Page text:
We continue to struggle with PPE at times, but have developed better standardization regarding precautions and protocols for infection control. Every new patient is quarantined in their room for 14 days upon arrival, regardless of diagnosis and test results, and of course any known Covid cases go straight to the designated unit, through its own entrance. This protocol is isolating for the patients and frustrating for therapists, who are limited to treating in the rooms, but administration feels this is the best policy for infection control (and they are probably right). Window and Facetime visits continue with family members, but patients’ mental health still suffers from the isolation. This is no fun for anyone, but we try to make the best of it to give our patients what they need, so they may thrive again and be able to return home after their stay.

From the therapy department’s perspective, we are doing our best. The building did not do everything “right” (I say that in quotes because it’s hard to know until hindsight what “right” is), and there were decisions made with good intent that probably led to more cases than there needed to be. We have learned from mistakes and made corrections, but we still struggle. Census is low again, and staff are losing hours and pay. Morale isn’t great. But we keep showing up every day, for each other and for the patients. Some have gained work hours at other facilities that need coverage, and some are probably considering unemployment applications if things continue to worsen. I am working on blog posts, recipes and other content to bring value to my followers in my free time, as I am planning to scoot away from speech therapy and dive further in to nutrition and wellness coaching in the coming years.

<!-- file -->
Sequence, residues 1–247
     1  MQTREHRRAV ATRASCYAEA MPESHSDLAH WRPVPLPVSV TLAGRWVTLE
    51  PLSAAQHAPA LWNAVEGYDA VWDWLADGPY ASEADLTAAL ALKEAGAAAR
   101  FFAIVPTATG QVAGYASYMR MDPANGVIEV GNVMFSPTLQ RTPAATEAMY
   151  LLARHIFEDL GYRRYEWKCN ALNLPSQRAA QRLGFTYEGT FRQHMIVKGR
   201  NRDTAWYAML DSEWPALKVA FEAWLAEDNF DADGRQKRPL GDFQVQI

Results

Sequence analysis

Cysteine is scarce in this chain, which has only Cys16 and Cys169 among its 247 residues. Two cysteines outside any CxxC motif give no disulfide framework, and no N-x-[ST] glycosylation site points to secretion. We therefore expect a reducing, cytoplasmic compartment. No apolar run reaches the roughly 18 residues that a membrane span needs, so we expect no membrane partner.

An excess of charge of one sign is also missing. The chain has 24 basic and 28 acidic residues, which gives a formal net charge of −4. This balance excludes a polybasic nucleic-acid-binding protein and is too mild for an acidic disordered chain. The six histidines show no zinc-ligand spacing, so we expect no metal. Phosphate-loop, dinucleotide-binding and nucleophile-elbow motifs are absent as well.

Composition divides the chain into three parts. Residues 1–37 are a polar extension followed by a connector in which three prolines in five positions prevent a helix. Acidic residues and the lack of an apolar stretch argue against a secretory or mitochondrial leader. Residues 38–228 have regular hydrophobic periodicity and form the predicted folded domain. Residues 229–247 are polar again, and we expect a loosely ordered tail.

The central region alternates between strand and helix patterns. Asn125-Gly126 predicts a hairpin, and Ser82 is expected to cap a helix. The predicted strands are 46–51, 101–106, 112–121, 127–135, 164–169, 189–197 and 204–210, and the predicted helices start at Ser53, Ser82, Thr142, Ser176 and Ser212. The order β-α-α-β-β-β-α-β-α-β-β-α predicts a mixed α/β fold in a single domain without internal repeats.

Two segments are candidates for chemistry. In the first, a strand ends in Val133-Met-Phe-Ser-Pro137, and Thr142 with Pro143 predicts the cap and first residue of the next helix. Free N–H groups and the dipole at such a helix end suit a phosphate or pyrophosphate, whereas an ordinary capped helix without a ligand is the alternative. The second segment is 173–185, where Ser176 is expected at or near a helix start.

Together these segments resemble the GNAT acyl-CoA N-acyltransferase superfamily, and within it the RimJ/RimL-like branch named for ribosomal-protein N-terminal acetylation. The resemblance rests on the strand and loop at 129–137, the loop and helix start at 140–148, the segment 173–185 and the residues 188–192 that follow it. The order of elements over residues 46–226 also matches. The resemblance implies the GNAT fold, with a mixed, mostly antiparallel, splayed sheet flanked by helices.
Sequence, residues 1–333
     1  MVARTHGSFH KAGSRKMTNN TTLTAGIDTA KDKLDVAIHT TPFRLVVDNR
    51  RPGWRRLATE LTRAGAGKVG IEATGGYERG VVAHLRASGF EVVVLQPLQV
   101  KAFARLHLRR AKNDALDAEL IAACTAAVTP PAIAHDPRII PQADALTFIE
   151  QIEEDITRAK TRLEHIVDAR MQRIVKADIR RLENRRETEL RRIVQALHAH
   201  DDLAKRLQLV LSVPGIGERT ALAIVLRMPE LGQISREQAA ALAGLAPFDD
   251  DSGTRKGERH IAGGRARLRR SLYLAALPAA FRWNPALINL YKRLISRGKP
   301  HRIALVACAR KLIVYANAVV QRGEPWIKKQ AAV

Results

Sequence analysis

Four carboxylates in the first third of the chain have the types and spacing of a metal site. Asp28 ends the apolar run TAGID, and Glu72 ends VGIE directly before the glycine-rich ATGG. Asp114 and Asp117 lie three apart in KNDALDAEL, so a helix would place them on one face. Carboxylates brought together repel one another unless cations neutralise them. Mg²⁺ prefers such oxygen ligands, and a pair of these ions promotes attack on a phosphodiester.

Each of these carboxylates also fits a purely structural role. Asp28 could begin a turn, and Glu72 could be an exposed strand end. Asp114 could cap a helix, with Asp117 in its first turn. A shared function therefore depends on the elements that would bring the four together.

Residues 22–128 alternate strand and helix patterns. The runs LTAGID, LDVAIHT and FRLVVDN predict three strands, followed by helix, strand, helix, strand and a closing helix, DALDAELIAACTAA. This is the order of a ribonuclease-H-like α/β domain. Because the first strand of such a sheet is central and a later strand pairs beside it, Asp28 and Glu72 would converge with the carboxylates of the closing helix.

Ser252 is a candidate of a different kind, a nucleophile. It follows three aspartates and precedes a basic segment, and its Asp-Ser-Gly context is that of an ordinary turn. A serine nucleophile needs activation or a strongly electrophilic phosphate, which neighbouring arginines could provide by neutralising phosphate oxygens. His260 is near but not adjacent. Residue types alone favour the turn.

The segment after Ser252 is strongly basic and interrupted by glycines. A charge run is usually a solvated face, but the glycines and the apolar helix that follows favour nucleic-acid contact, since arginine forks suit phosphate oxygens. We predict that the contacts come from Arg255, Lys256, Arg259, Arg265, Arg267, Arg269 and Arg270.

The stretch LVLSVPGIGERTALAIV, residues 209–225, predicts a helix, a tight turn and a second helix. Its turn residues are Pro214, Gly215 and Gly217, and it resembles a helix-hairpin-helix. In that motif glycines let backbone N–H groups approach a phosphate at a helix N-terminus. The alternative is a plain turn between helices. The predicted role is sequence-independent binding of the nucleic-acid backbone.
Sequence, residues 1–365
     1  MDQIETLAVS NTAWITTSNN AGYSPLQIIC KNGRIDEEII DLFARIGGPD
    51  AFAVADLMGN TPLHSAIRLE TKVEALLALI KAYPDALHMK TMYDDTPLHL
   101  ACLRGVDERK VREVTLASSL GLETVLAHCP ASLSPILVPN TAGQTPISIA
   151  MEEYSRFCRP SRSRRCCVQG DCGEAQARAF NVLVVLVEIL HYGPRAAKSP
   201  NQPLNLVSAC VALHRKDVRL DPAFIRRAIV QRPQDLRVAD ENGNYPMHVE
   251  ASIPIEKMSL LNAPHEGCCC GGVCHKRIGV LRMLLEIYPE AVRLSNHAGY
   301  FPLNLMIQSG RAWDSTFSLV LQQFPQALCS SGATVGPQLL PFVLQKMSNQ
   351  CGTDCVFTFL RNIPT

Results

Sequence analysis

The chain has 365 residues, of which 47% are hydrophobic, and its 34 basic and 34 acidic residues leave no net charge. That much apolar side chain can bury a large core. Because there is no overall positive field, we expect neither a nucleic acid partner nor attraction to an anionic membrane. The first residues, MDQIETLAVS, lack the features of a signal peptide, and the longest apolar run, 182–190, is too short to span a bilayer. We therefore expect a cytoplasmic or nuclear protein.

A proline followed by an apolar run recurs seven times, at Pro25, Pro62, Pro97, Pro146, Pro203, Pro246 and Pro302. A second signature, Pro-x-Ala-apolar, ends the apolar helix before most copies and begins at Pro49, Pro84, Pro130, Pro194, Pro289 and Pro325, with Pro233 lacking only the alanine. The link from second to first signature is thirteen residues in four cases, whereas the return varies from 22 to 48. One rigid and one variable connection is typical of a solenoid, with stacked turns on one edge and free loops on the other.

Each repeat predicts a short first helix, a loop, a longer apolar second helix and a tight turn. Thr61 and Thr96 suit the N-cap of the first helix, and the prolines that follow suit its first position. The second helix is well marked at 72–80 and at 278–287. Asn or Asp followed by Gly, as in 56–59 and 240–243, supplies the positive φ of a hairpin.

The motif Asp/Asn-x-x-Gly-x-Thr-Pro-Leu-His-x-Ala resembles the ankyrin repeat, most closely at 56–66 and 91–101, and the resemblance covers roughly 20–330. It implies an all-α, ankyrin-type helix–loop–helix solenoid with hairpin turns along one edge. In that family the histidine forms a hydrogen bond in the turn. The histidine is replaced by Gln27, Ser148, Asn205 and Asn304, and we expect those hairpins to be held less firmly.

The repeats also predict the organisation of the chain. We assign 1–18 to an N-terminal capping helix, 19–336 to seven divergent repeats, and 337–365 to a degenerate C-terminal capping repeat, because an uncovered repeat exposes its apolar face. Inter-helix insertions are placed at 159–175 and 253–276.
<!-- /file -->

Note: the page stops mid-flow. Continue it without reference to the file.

Thankfully, nursing homes were included in the first phase of the vaccine rollout. I have gotten my first dose of the Covid vaccine and am anxiously awaiting my second one next month.

Please don’t hesitate to reach out with questions regarding my experience, and feel free to share your own stories and perspective from your profession’s experience with Covid19. I’d be happy to share your story on the blog as well!